I have an object, that is described by 40 properties, is it good a idea to create a table with 40 columns? I think that I cannot break these properties into another table (such as table_properties_1 and other).

What do you think, professionals?


Offer table will be contain more fields... simple diagram

  • 1
    Tens of columns isn't a big deal, as long as you're not doing some denormalized nonsense. Just follow good practice to make sure you're not SELECTing more data than you need, don't store in columns what should be rows...should be just fine – Ben Brocka Jul 30 '12 at 15:07
  • 2
    This question was migrated from code-review because we kind of specialize in schema-design questions, amongst others. So in order to help, we're going to need an actual narrative on your schema, and preferably some sort of ER diagram that shows why you need 40 columns. If need be, some example data and surrogate keys would certainly define for us if there's any chance of making this smaller, but I can safely say that there isn't always a problem with 40 fields, it all just depends. – jcolebrand Jul 30 '12 at 17:25

I discussed this before back on Jul 20, 2011

See my answer to Too many columns in MySQL

You should really think about normalizing your table once you are using more than 10 columns

If you feel you must have 40 columns, then I would suggest migrating the following columns types

  • TEXT
  • BLOB
  • long VARCHARs

into one table and keep PRIMARY KEYs for needed info in a main table. You would have to perform JOINs when data from both tables are needed. I suggest this because if a 40-column table becomes the source of a temp table that will involve all the columns, you will produce very bloated, unindexed temp tables during join and sort phases of queries and that would slow the query down.

UPDATE 2012-07-30 15:51 EDT

Looking at the Offer Table, I can easily see two tables you can strip out.

  • Move autobrand and automodel into an automobile table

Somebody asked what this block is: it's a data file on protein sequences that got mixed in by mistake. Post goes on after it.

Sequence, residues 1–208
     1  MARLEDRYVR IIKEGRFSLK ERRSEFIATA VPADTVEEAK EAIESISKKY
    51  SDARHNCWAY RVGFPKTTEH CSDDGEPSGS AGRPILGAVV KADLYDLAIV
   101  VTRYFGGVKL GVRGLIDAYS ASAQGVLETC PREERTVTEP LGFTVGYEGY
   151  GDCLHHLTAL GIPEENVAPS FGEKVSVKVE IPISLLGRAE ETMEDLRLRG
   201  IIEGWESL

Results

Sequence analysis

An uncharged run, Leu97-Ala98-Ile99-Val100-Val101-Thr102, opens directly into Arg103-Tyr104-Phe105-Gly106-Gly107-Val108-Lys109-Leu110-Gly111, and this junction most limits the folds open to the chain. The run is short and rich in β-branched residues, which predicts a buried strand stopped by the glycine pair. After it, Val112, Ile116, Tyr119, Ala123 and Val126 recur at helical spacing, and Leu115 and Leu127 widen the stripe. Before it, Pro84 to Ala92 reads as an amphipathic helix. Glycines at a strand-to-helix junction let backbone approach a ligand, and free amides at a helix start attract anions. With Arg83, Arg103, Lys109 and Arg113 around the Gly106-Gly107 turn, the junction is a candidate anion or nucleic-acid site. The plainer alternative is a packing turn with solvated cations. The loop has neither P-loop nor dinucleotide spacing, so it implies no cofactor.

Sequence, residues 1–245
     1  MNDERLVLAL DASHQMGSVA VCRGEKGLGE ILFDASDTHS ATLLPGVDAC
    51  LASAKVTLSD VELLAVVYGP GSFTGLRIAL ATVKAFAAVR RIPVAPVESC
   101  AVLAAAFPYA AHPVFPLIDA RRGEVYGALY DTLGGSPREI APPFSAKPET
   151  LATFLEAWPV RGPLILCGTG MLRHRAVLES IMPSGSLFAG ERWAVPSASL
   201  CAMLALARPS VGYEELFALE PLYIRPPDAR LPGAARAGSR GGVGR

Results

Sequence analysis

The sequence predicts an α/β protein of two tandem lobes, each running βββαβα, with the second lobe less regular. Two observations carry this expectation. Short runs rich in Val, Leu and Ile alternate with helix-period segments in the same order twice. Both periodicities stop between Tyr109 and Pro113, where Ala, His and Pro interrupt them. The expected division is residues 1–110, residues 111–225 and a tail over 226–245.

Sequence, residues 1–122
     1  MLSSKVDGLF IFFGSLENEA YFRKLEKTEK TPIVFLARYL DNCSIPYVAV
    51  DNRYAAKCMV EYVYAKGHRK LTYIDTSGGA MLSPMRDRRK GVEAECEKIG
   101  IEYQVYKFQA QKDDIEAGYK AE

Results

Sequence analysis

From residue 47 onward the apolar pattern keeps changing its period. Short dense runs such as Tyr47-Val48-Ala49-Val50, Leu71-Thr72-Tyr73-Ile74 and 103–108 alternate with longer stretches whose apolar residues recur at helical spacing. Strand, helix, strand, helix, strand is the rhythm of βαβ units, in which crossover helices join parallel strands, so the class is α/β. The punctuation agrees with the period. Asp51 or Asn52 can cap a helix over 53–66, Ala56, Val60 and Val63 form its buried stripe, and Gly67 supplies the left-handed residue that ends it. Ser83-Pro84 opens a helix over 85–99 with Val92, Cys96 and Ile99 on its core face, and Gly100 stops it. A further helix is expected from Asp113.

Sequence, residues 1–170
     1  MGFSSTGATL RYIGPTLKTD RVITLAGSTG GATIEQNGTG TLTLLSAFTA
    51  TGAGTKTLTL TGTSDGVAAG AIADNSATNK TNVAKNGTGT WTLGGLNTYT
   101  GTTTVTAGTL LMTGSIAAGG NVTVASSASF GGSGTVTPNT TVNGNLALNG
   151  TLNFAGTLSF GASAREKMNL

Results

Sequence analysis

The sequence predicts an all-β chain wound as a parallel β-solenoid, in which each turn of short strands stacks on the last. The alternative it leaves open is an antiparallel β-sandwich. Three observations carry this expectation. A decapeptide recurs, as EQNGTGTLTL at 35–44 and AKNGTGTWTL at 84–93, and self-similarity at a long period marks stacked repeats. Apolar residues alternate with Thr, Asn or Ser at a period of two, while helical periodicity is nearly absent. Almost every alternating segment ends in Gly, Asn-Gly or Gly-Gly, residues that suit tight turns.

• Move credit and credittype into a credit table

This could give you flexibility to query for different automobiles and credit scenarios.

  • 1
    I'm all for the 'stop and think' approach, but doubting yourself at 10 columns seems awfully low. – rfusca Jul 30 '12 at 17:49
  • @rfusca I have seen horror shows with less that 10 columns from developers of my company's clients. I know 10 columns is a little ultraconservative. In my past post I did balk at 20 columns. That's why I say stop and think. Once developers stop and think they can prepare to code and live with what they designed. – RolandoMySQLDBA Jul 30 '12 at 17:53
  • If you've seen it at less than 10 ... then really, the goal is to 'stop and think' ALWAYS, not just in relation to number of columns past 10. I'm just saying that planning and thought shouldn't be a function of the number of columns. There are perfectly good reasons for 12 columns in a table, or 8, or 40 - and all of them should have been reasoned out beforehand. – rfusca Jul 30 '12 at 17:57
  • @rfusca I agree with your last comment. I have not been a developer in the last 8 years. I am just an operational DBA now, but I still recommend DB changes to Web Hosting Clients out of mercy. Forgive me for sounding too pessimistic. – RolandoMySQLDBA Jul 30 '12 at 18:08
  • 1
    @rfusca some of your thoughts from your comments should be written up as an answer. – RolandoMySQLDBA Jul 30 '12 at 18:09

There is nothing wrong with tens of columns in a table. Depending on the property types it can be more efficient in terms of space than a separate properties table, and it is almost always faster to query if you want several of the properties at once in one row of a resultset, i.e. it you want to return:

Thing  Prop1  Prop2  Prop3
-----  -----  -----  -----
T1     T1P1   T1P2   T1P3
T2     T2P1   T2P2   T2P3

instead of:

Thing  Property  Value
-----  --------  -----
T1     P1        T1P1
T1     P2        T1P2

because you won't have to have many joins (or, worse, subqueries) to the properties table to transpose the data. Of course if you regularly need the data in this transposed format then this recommendation is reversed as you'll need to transpose the other way (with several unions) otherwise. Even if your DB has efficient transposition functions, make sure the data is in the arrangement you are most likely to need it in most of the time.

Most DBs allow many columns per row and are often not much less efficient with wide tables than they are with thin ones (unless you "select *" all the time and/or have bad index choices).

The massive caveat to the above is that you should be careful that you are not creating a nightmare for yourself by way of denormalisation. We could only give advice on that matter if we knew what the column contents were expected to be.

  • This is an interesting perspective. I don't know why it should be downvoted. I can see this answer as being useful with reference to the datatypes and reducing joins. My answer did not go into that kind of depth. +1 !!! – RolandoMySQLDBA Jul 30 '12 at 19:01

Your Answer

By clicking “Post Your Answer”, you agree to our terms of service, privacy policy and cookie policy

Not the answer you're looking for? Browse other questions tagged or ask your own question.